Copper Isotope Fractionation Used to Identify Supergene Processes
Ryan Mathur, Spencer Titley, Fernando Barra, Susan Brantley, Marc Wilson, Allison Phillips, Francisco Munizaga, Victor Makseav, Jeff Vervoort, Garret Hart, 2009. "Copper Isotope Fractionation Used to Identify Supergene Processes", Supergene Environments, Processes, and Products, Spencer R. Titley
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We examined the copper isotope ratio of primary and secondary copper mineralization of porphyry copper deposits. Distinct Cu isotope reservoirs exist for high-temperature hypogene, enrichment, and leach cap minerals. Chalcopyrite from high-temperature primary mineralization forms a relatively tight cluster of δ65Cu values of +1 to –1 per mil, whereas secondary minerals formed by low-temperature reveal a range of δ65Cu values from –16.96 to +9.98 per mil. Secondary chalcocite is relatively heavy, with δ65Cu varying from –0.3 to +6.5 per mil. Leach cap minerals dominated by Fe oxides (jarosite, hematite, and goethite) are relatively light, ranging from –9.9 to +0.14 per mil. A distinct pattern of heavier copper isotopes in supergene samples and a lighter isotopic signature exists in the leach cap and oxidation zone minerals. The pattern presents an excellent tool for using Cu isotopes for exploration through providing the following information: (1) identification of highly fractionated copper isotope ratios in copper sulfide and Fe oxide samples that indicate supergene processes and the extent of leaching and enrichment of copper, and (2) identification of highly fractionated copper isotope ratios in surface and/or groundwaters that indicate the active weathering of copper sulfides that experienced significant enrichment.
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At least five altered and mineralized porphyry centers related to the cooling of a polyphase Eocene intrusion occur within a 25-km2 "pampa"-type area in the southwestern sector of the Chuquicamata district in northern Chile. These deposits take place 1 to 2 km apart as discrete porphyry "columns" covered by postmineral, poorly consolidated Miocene sedimentary rocks. Such copper oxide and sulfide deposits were discovered and evaluated by drilling done by Codelco from 1996 through 2007 during a brownfield exploration program, driven by the necessity to replace and increase leacheable ore consumed by the Chuquicamata and Radomiro Tomic operations. During this program a resource of more than 20 million metric tons (Mt) Cu was discovered, including 6 Mt Cu of oxide, mixed and secondary sulfide ore, representing one of the largest supergene copper resources discovered worldwide during the last 10 years.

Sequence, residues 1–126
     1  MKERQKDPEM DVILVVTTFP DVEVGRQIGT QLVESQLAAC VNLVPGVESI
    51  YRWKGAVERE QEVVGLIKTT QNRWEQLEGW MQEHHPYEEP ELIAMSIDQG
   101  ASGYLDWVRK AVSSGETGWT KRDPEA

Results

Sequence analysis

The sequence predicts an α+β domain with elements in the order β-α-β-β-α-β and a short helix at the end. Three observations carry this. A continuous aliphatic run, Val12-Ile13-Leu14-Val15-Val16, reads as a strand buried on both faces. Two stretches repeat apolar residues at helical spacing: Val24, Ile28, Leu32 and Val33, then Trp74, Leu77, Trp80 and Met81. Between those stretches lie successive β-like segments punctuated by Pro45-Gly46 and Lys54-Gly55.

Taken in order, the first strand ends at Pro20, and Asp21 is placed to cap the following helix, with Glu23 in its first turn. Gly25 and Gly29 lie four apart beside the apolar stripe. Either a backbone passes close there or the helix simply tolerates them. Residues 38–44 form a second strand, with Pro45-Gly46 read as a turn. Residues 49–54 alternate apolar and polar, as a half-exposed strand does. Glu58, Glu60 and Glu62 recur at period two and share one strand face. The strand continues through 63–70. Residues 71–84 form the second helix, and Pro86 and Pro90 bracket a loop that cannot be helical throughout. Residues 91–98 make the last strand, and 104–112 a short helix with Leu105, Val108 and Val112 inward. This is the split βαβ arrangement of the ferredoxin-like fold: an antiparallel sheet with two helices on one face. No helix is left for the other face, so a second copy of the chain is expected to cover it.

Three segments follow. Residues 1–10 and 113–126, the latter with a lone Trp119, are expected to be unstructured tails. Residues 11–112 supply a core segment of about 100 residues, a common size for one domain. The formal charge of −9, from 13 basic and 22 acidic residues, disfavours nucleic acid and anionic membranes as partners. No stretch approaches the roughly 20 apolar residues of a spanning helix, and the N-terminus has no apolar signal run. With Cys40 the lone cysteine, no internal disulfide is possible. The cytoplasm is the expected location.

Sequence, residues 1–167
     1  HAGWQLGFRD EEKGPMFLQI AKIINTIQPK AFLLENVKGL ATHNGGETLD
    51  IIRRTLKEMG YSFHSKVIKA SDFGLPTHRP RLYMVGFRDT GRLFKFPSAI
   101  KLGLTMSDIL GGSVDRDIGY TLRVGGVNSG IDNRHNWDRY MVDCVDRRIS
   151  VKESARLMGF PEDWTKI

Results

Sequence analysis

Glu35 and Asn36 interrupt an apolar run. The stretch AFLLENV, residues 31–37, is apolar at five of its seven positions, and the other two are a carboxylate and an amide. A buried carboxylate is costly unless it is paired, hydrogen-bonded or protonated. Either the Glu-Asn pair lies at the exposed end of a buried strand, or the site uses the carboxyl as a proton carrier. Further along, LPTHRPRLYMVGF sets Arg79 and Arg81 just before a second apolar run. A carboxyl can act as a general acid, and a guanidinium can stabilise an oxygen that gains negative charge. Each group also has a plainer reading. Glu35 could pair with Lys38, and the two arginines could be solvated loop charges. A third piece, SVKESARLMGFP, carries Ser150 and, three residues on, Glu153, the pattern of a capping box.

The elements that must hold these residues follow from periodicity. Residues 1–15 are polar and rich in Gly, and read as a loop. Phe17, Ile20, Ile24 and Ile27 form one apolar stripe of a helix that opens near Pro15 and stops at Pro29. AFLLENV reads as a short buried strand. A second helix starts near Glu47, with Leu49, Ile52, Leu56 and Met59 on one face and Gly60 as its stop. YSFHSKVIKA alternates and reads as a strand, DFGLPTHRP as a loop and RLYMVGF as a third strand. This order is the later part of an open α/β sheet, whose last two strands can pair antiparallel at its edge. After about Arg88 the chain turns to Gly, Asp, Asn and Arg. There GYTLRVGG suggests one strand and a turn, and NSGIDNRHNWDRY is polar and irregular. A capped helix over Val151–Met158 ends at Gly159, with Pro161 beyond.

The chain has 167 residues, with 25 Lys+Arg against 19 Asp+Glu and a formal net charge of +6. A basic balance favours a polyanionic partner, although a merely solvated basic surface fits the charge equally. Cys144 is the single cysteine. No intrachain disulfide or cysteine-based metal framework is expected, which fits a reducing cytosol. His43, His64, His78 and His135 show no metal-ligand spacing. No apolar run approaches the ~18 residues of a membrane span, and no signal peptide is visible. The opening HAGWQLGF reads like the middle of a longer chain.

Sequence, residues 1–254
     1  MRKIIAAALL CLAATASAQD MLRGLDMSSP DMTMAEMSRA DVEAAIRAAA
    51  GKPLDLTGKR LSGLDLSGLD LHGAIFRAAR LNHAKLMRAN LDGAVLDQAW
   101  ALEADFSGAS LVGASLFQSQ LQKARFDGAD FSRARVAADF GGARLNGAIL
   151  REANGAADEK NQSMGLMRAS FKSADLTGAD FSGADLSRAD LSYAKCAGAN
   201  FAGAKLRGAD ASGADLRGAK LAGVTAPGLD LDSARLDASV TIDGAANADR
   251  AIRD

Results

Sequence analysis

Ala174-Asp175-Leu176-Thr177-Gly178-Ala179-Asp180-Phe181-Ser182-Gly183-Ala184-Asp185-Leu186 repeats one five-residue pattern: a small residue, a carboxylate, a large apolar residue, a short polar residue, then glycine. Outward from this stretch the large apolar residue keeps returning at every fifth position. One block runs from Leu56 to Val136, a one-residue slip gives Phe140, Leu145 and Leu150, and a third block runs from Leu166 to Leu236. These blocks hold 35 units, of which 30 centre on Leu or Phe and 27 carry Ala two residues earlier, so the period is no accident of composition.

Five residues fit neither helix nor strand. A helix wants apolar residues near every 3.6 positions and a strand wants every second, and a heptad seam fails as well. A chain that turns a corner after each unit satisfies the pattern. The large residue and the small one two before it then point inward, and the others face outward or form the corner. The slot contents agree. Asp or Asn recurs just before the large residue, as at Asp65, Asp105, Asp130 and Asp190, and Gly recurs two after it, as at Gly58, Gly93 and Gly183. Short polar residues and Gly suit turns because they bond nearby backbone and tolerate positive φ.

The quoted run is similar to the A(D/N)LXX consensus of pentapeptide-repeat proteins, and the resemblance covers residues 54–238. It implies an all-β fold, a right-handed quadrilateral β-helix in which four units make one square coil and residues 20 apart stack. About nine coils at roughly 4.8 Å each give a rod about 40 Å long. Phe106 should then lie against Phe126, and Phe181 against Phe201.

Despite their close location and their genetic relationship to a single, polyphase intrusion mineralization event, the five porphyry centers display contrasting host-rock and structural framework as well as different hypogene alteration and ore mineral assemblages. This picture reaches high levels of complexity because of the different levels of exposure of the mineral systems, resulting from primary emplacement processes and post-mineral faulting. These hypogene features and the effect of landscape and climate evolution controlled supergene alteration, thus generating different profiles in each specific porphyry center. The key controlling factors in the supergene overprint are discussed on the basis of their relationship to ore and gangue mineralogical abundance and occurrence, assemblage distribution, geochemical response, and the broad geologic setting.
As exploration for covered porphyry copper deposits in the southwestern sector of the Chuquicamata district progressed, numerous lessons were learned about the origin of supergene profiles and the analysis and use of supergene effects and their products as a guide for exploration. These lessons, which include geological and geochemical criteria among others, are discussed in the context of the appraisal of the mineral potential of copper oxide-mixed-secondary sulfide blankets and underlying sulfide protore.